This British Couple Have Transformed Their Home Into a Countryside Haven for Refugees
“Despite our differences, we live as a family.”
In a picturesque village in the east of England sits The Grange: a 1750s rectory surrounded by 10 acres of meadow, a lush lawn and a flourishing vegetable garden.
Barn owls and kingfishers share their home with domestic ponies and sheep; guinea pigs and chickens can be heard squeaking and scratching at feeding time.
This is where Ben and Sophie host retreats for refugees and asylum-seekers — providing a place of peace and welcome for people who have fled violence and war.
“We have been welcoming people for five years. My wife Sophie trained as a doctor and worked a lot with people who had fled persecution,” Ben told the team at UNHCR. “We had this idea to create a little patch of paradise. We welcomed refugees and asylum-seekers to build it with us — we did it together.”
The Grange partners with organisations such as New Routes and Freedom from Torture, which bring groups for the week-long retreat.
On the first night, guests, volunteers, Sophie, Ben and their daughter cook a meal and eat all together, then sit around the fire and get to know each other. Throughout the week, groups work with local volunteers who teach anything from woodwork to weaving and gardening. Some guests like to look after the animals, others like to walk in the village.
“The philosophy of The Grange is very simple. We believe that by welcoming people into a family home and learning from each other we can build each other’s resilience — and also learn and share ideas,” said Ben.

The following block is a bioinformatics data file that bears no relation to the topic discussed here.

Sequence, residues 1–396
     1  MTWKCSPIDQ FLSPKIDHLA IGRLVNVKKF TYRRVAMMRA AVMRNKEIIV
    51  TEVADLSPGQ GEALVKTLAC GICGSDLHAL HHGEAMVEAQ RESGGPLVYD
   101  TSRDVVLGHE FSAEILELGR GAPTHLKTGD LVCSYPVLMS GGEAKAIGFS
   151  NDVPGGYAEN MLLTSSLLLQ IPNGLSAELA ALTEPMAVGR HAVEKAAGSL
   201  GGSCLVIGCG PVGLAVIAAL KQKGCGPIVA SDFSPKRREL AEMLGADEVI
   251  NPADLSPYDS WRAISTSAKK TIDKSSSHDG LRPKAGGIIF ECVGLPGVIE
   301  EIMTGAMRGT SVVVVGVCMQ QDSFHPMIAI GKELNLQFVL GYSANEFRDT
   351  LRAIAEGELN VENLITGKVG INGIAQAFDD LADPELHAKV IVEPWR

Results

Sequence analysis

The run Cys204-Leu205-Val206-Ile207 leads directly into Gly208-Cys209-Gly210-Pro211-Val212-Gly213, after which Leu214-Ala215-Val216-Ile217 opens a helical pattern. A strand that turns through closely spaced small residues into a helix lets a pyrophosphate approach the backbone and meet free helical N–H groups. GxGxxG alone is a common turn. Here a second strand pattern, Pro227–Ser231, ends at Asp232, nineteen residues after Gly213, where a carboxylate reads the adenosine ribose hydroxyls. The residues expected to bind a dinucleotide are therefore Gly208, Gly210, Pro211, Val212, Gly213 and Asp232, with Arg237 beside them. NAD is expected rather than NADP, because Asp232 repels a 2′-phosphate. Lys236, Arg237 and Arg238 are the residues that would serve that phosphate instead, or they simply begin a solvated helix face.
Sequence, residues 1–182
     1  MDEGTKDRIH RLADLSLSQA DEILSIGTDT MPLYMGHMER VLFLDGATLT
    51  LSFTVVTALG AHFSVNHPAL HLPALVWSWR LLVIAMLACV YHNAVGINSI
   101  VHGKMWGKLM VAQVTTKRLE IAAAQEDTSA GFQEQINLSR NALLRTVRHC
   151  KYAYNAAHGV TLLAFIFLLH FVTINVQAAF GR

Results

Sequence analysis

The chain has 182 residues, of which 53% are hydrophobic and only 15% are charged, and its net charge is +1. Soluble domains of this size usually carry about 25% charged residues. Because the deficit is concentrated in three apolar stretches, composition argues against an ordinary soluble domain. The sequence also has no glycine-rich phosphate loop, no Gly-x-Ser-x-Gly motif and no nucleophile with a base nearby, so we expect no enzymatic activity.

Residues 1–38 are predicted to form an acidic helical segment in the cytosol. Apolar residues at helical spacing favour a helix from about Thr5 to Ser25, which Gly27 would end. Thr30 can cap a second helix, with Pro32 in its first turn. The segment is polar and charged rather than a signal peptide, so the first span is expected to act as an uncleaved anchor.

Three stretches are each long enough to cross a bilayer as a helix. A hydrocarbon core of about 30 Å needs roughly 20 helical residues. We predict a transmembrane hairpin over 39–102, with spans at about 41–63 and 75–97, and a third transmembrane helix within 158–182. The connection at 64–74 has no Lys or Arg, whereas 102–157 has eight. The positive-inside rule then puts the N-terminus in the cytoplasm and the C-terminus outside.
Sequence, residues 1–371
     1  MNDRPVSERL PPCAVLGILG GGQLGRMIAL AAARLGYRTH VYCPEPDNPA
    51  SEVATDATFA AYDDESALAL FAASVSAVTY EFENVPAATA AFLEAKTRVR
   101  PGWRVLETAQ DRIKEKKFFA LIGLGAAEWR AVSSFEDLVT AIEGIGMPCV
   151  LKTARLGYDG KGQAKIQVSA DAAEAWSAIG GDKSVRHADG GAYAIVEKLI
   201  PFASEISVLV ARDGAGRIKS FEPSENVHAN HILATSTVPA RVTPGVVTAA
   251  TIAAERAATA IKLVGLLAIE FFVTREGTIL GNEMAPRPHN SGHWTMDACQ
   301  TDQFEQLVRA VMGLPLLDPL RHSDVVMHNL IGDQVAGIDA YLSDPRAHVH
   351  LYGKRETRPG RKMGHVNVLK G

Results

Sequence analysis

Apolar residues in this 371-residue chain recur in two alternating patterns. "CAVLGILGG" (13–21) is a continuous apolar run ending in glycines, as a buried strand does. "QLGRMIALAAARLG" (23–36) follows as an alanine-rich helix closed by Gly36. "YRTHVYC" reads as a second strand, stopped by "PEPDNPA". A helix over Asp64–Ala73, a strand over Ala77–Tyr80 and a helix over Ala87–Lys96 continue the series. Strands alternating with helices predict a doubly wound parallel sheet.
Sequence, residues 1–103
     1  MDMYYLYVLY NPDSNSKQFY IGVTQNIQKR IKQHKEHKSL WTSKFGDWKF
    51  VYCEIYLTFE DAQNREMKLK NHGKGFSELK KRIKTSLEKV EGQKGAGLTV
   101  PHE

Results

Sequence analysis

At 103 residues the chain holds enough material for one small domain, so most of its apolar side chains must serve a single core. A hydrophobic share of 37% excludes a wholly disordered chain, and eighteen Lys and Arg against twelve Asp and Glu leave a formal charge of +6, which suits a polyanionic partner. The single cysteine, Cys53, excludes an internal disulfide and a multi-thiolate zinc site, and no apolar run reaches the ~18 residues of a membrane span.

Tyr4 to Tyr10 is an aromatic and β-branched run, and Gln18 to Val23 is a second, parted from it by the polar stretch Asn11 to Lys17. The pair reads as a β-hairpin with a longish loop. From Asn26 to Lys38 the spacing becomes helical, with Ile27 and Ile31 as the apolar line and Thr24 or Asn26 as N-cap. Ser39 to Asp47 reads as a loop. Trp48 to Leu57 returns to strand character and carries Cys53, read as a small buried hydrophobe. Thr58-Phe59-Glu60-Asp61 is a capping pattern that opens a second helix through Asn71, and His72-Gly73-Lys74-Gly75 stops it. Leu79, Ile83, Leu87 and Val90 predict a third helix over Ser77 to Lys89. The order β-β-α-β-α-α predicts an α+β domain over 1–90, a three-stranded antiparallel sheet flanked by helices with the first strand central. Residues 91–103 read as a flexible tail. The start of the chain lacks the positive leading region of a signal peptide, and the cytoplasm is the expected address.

The experience of fleeing war, torture, sexual violence, and of being separated from family members can for some people lead to mental health issues such as depression, anxiety, and post-traumatic stress disorder.
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“Even once refugees have found safety in the UK, there can be traumas which continue to haunt them,” said Gonzalo Vargas Llosa, UNHCR Representative to the United Kingdom.
“That’s why therapeutic opportunities like those offered at The Grange play such an important role in helping to restore a sense of wellbeing to people who have lost everything.”
Michael is a refugee from Burundi and frequent visitor to The Grange. “It has rehabilitated me,” Michael explained. “Last night’s dinner reminded me so much of my family time. Despite our differences, we live as a family.”
He added: “The place has helped me because I am being trusted. I come from a background where there is a lot of hatred. Here I feel loved.”
At first Ben and Sophie were wary of what the reaction may be from the nearby village. So, before Christmas, they hosted an open day and chatted to people from the community over mulled wine and mince pies.
Soon after, the first group of asylum-seeking women staying at The Grange went jogging around the village. They came back with smiles on their faces having been welcomed by people out shopping or walking their dogs. The Grange has had nothing but positivity from the village ever since.
“When we go to play football in the park, local kids come and join us. We’ve got this amazing crew of local volunteers of all ages. We all muck in together,” said Ben. “We’ve got two women we call ‘the pony ladies.’ They like to come and muck out the ponies every week with whoever is visiting. I love the volunteers.”
Volunteers at The Grange say they feel privileged to meet and learn from people of all different backgrounds and cultures. Everyone is part of the family.
For some guests, it’s the first time for a very long time that they have felt trusted, that they have felt at home. People settle in from day one — making a cup of tea, picking up a guitar, cooking a huge meal.
As Ben sees visitors come to and from The Grange, the therapeutic benefits of time here are clear. “It helps different people in different ways,” Ben explained. “For some, it’s a chance to breathe. People tell us ‘It’s the only place where I feel safe and welcome,’ or ‘It helps through the difficult times.’”
“It’s also about learning new skills and practising old ones. People who come here were builders, mechanics, electricians. The experience makes them feel valuable again,” said Ben. “It’s also physical and healthy and gives people a sense of purpose. People leave us feeling a renewed hope for the future.”